So, at his incarnation in the image of both God and man (Gen. 1:26-28; 5:1-3), Jesus as the seed of his Father (1 John 5:18b) was conceived in a woman’s womb which recapitulated the Garden of Eden where the first Adam had originally been placed. In other words, he did not begin as seed created literally in the ground as Adam had been (Gen. 2:7, cf. Ps. 139:15f.), but in order to retain his link with mankind in general (cf. Mt. 1:1-11; Luke 3:23-38) as the seed of his Father he necessarily gestated in the womb of the Virgin Mary (cf. Jer. 1:5) who herself derived ultimately from Adam (Gen. 2:21-23). He was thus born of woman who as flesh and the mother of all living (Gen. 3:20) re-enacted the role of mother earth in procreation. In this way, he recapitulated the experience of Adam as second and replacement Adam (cf. Ps. 139:15f.; Eph. 4:9f.; Heb. 10:9b).
(Note: It perhaps needs explaining at this point that Adam was manufactured (made by hand) as seed in the ground, cf. Ps. 139:15; Gen. 2:7, and was therefore perishable seed, cf. 1 Pet. 1:23; 1 Cor. 15:47a. By contrast, Jesus as the Son of God stemmed from imperishable seed from heaven, 1 Cor. 15:47b, and so had indestructible life, Heb. 7:16, even before as flesh he was born again, John 3:7. However, he gained his perishable humanity from his mother, Gen. 3:15, and though permanently alive in the spirit, he died in the flesh, 1 Pet. 3:18, or ‘in Adam’, 1 Cor. 15:21f. It was as perishable flesh that he was first resurrected, then transformed at his ascension so as to become a life-giving spirit, 1 Cor. 15:45.)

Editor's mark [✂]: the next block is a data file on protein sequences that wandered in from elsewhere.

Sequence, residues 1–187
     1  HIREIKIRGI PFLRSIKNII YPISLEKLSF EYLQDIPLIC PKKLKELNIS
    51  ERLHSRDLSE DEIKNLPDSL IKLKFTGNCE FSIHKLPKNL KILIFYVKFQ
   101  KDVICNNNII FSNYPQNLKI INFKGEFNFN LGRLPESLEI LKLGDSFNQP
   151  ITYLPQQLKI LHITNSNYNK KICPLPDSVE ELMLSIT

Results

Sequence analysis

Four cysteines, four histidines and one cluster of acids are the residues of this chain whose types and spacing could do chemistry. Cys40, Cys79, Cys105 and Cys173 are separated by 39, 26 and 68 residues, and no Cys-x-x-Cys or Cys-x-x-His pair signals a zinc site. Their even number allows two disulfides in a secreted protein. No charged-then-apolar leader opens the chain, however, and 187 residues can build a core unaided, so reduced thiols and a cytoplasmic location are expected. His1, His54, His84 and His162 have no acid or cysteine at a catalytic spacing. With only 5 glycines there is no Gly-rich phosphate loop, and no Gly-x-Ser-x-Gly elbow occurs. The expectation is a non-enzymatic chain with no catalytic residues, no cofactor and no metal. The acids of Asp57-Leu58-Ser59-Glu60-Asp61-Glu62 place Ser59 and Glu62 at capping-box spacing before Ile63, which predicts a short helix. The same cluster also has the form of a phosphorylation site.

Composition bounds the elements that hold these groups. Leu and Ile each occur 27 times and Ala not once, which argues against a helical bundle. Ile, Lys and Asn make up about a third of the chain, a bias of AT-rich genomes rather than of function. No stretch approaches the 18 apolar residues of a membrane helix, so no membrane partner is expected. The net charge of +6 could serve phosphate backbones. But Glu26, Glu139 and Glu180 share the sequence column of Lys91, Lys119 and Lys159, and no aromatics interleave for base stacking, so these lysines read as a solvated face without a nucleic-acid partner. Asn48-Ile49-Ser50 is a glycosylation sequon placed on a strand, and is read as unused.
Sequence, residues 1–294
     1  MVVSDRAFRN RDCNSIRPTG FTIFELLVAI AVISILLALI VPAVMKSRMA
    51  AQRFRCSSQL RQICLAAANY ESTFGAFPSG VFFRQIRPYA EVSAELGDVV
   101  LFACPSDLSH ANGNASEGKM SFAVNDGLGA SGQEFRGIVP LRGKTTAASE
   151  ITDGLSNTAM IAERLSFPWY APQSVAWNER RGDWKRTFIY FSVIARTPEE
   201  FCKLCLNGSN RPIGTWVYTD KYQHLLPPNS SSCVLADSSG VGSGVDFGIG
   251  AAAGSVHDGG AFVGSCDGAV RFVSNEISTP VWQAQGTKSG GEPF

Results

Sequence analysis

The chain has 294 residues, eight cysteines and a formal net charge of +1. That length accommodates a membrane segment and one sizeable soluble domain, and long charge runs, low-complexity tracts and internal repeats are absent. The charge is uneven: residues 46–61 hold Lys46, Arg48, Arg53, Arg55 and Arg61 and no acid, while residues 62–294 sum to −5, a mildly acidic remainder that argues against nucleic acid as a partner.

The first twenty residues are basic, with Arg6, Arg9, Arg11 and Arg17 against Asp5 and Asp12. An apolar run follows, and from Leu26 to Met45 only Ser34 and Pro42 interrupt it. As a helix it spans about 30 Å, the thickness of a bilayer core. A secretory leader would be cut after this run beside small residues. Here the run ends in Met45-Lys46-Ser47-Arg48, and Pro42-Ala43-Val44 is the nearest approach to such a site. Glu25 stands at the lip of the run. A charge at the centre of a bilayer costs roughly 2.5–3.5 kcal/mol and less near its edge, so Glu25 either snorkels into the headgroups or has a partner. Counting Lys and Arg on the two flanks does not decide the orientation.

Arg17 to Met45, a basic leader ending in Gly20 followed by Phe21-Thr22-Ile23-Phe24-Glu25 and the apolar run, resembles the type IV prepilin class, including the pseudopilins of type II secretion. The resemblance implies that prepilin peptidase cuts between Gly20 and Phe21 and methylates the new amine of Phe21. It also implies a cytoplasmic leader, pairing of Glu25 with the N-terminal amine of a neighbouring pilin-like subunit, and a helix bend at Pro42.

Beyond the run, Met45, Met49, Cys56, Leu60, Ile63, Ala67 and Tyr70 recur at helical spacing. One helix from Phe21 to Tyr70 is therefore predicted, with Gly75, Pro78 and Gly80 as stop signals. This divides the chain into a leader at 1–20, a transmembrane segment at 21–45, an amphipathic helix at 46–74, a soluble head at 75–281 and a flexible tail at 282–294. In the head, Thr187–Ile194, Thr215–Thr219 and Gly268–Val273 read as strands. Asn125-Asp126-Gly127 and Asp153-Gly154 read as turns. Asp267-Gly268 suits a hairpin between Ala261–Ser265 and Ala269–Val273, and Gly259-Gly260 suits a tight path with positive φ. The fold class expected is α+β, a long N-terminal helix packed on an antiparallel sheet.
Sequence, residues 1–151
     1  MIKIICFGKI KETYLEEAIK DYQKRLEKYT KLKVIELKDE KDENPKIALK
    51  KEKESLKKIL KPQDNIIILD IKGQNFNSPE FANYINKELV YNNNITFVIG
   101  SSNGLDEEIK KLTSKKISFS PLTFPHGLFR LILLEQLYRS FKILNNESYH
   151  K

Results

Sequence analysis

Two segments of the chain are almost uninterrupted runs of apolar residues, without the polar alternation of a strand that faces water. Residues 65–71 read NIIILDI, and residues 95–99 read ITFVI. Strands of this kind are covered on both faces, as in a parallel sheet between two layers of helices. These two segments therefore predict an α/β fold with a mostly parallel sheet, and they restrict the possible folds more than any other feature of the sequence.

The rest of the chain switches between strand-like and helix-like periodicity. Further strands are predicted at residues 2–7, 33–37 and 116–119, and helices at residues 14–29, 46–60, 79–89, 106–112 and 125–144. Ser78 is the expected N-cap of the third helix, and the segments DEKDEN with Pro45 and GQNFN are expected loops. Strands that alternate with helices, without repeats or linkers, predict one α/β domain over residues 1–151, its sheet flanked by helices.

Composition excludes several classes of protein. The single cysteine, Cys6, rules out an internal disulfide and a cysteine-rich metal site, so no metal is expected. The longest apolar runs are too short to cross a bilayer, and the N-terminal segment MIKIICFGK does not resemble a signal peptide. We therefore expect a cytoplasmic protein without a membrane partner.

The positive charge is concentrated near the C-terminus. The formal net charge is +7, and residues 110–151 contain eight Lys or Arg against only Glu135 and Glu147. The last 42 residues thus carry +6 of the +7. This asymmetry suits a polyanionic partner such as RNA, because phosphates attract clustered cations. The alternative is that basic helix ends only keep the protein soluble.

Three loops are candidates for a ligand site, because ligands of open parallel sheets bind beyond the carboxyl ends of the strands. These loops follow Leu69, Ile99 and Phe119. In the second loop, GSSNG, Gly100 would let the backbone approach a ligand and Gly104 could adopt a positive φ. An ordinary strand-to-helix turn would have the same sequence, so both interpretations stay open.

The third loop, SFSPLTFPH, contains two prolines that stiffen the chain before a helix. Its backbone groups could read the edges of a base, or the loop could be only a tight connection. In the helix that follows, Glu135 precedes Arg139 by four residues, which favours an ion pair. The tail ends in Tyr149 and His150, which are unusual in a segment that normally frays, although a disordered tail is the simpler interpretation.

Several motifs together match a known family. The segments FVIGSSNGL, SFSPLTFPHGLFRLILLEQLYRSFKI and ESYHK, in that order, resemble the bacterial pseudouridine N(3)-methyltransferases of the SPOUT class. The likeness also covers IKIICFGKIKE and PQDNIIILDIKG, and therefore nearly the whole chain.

Gestation and Birth
As the seed of his Father, Jesus gestated in the Virgin’s womb for the standard nine months (cf. Luke 1:36) before finally being ‘born of woman’ (Gal. 4:4). Of course, at this stage there was no outward sign of his being different from any other baby, though his identity was in some sense revealed to representative people like neighbouring shepherds and visiting wise men (foreign astrologers). Needless to add, he underwent Jewish rites like circumcision and presentation in the temple that were common to male children of the chosen race. As usual, his infancy and weaning were otherwise uneventful and relatively inconspicuous.
Under the Covenant with Noah
It is important to note, however, that this meant that his early life was uncovenanted like that of his forebears in general. On the racial level, what eventually became the covenant with Noah had not been established at the beginning doubtless because the condition of the immediate descendants of Adam, the antediluvians, was infantile despite their physical maturity. For a covenant, pact or agreement to operate, an element of development (perfection) was intrinsically necessary. Without this, mutuality, agreement or reciprocation no matter how minimal was impossible, for babies lacking conscious intelligence resemble undiscerning irrational animals. So, since the Israelites as a race had, as ‘children’, been enslaved in Egypt, Jesus relived or recapitulated their experience in his own childhood (Mt. 2:15, cf. Gal. 4:1f.). In light of this, we may assume that rather like Moses before him Jesus grew and increased in wisdom during his period of childlike bondage (Acts 7:22, cf. Luke 2:40).
Under the Covenant with Moses